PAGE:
In-Depth Report

New York All In On NASA’s Crewed Moon Missions

Patrick Chase
Jan 07 2024
Many New Yorkers may not realize it, but the Empire State is playing a critical role in supporting NASA as they seek to return astronauts to the Moon for the first time since the days of Apollo. By accessing data from the NASA Acquisition Internet Service (NAIS) and adding in NASA contract reports it is possible to break down just how many New York companies are contributing to America’s return to the Moon.

The Artemis Program is NASA’s ambitious plan to return crews to the Moon for the first time since the Apollo Era of the 1960s and 1970s, with an eye on traveling out to Mars afterwards. New York was part of NASA’s crewed spaceflight vision from the start, with the lunar landers being built on Long Island and Buffalo-based company Moog playing a significant role in developing the venerated Saturn series of rockets. This was no small roll either. Moog developed the “actuators (that) were responsible for vectoring the engine nozzles to provide pitch, yaw, and roll steering control for the rocket,” (Niagara Aerospace Museum pg. 3).

Bell Aerosystems in Niagara Falls was responsible for developing the engines in the Gemini-Agena Target Vehicle that was the foundation of the crewed Project Gemini missions. Bell also played a role in developing the Lunar Landing Research Vehicle that the Apollo astronauts used to practice Moon landings as well as the Ascent Propulsion System that they used to launch off the lunar surface.

Other cities across New York had meaningful contributions to the Apollo program. “Carleton Controls in Orchard Park, now Cobham Mission Systems, provided a high-pressure oxygen regulator in the Portable Life Support System (PLSS) used during extravehicular activity on the surface of the Moon…(and) Cornell Aeronautical Laboratory, now Calspan, performed base heating studies of the S-IC stage using a subscale model incorporating five hot-firing rocket engines,” (Niagara Aerospace Museum pg. 13).

Eastman Kodak in Rochester was another major contributor, “(developing) the photographic system for the Lunar Orbiter spacecraft…the Kodak system developed the film in lunar orbit before scanning and transmission back to the earth,” (Niagara Aerospace Museum pg. 13).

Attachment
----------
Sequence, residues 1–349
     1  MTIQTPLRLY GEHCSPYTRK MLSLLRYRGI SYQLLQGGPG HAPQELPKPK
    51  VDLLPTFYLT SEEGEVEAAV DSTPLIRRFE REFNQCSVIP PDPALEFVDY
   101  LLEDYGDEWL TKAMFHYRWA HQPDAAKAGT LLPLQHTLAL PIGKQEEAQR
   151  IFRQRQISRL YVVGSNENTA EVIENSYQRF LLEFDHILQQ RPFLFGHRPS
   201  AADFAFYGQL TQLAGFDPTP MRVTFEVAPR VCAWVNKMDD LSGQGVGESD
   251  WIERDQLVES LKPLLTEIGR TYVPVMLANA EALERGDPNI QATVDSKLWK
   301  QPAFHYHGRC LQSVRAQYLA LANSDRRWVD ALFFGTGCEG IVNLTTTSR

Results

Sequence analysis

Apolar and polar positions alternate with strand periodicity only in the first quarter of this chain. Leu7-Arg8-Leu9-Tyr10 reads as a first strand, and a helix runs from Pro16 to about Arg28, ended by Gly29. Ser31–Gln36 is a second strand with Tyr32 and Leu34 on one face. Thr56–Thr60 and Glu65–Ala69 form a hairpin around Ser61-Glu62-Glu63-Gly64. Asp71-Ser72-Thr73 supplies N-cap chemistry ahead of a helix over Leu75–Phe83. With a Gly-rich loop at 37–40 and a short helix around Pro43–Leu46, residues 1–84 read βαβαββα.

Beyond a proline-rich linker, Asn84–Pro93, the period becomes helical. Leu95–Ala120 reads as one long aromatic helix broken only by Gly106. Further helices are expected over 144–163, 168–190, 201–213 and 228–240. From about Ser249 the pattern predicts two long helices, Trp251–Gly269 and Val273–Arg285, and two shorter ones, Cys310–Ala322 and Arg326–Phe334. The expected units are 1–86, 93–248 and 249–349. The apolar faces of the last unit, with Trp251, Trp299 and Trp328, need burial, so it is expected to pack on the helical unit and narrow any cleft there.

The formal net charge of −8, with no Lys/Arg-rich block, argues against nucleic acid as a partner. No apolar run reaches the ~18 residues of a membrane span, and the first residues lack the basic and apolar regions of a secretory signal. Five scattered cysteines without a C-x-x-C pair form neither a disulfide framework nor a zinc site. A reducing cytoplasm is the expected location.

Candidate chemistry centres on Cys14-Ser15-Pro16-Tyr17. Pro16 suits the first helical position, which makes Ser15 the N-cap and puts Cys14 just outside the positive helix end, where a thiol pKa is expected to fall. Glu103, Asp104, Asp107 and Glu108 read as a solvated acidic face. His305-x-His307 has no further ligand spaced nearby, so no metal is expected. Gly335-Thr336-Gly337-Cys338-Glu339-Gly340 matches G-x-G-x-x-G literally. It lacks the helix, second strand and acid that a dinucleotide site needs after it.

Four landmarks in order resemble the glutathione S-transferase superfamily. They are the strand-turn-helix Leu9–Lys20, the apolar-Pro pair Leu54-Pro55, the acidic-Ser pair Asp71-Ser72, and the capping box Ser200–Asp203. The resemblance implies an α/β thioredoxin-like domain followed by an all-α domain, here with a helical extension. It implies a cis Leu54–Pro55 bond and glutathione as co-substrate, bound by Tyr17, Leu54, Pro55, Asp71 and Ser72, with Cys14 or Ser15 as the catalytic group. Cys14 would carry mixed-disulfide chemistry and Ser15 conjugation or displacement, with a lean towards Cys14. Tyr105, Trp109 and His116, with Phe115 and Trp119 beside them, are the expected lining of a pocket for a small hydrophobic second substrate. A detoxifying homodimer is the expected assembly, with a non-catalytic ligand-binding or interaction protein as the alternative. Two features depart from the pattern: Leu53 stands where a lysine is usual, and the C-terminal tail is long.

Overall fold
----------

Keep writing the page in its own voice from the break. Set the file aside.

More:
State Government was also actively involved, with the creation of the New York State Atomic and Space Development Authority. The agency “was formed to look at how New York’s economy could benefit from focused activity in the burgeoning nuclear and space industries, as well as possible technology research opportunities and market opportunities for NY in advancing these industries,” (Business Review). This agency was eventually folded into NYSERDA, the New York State Energy Research & Development Authority, which drastically reduced the state government focus on the space sector.

However New York’s private sector never stepped away from NASA’s crewed spaceflight program and remains a major player as America prepares to return to the Moon. The Bell Aerosystems rocket group is now part of Moog Space & Defense Group, employing thousands of people in the Greater Buffalo region and the Kodak division that was responsible for the groundbreaking lunar imagery is now part of L3Harris (Niagara Aerospace Museum pg. 14).

Despite many large firms relocating or folding in the 1980s and 1990s, companies across the Empire State contribute every day to NASA’s crewed Artemis Moon return program, including the massive Space Launch System (SLS) rocket, the Artemis vehicle itself, and the Gateway lunar orbital station.

* 82 NASA affiliated companies in all 10 regions of that state, employing more than 20,000 New Yorkers.

* 64 Artemis-affiliated companies in 9 of 10 regions of the state, employing more than 18,000 New Yorkers.

The map below shows the wide geographic distribution of these NASA affiliated companies throughout New York. There are obvious clusters on Long Island, NYC, Rochester, Buffalo, Syracuse, and Binghamton. While there is decent activity in the Hudson Valley, the Capital Region around Albany is a conspicuous exception.

These companies have a wide range of specialties as well. Many offer manufacturing and machining capabilities, while others offer unique skills such as 3DPrinting, data analysis, electronics, optics, spacesuit design, and advanced testing.

Key Takeaways

This analysis results in a number of important conclusions about the current and future state of the New York space ecosystem.

* NASA has a significant statewide presence in New York that supports more than 20,000 jobs.
* New York has provided key contributions to crewed spaceflight since the beginning of the Space Age, supporting NASA’s earliest Moon missions and continuing straight through the present day.
* This network is a key foundation of New York’s economy in the 21st century and offers tremendous potential to create high-quality jobs across the state.
* This history should be a part of the education curriculum in New York, ensuring young learners are exposed to this inspiring story and can explore how their community contributed to exploring space.
* State, regional, and local economic development leaders and elected officials need to rediscover their historical support and enhance this network of companies whenever and wherever possible.

The Empire State has been a key contributor to the story of crewed space exploration since the first tentative steps were made towards the Moon all those decades ago, and we are still writing that story today.

What part will you play in the next chapter of New York’s exploration of the final frontier?

Full List of NY Artemis Companies
*Find interactive links and more details at*

To read more about the history of New York’s role in space exploration check out the Niagara Aerospace Museum and the Cradle of Aviation Museum.

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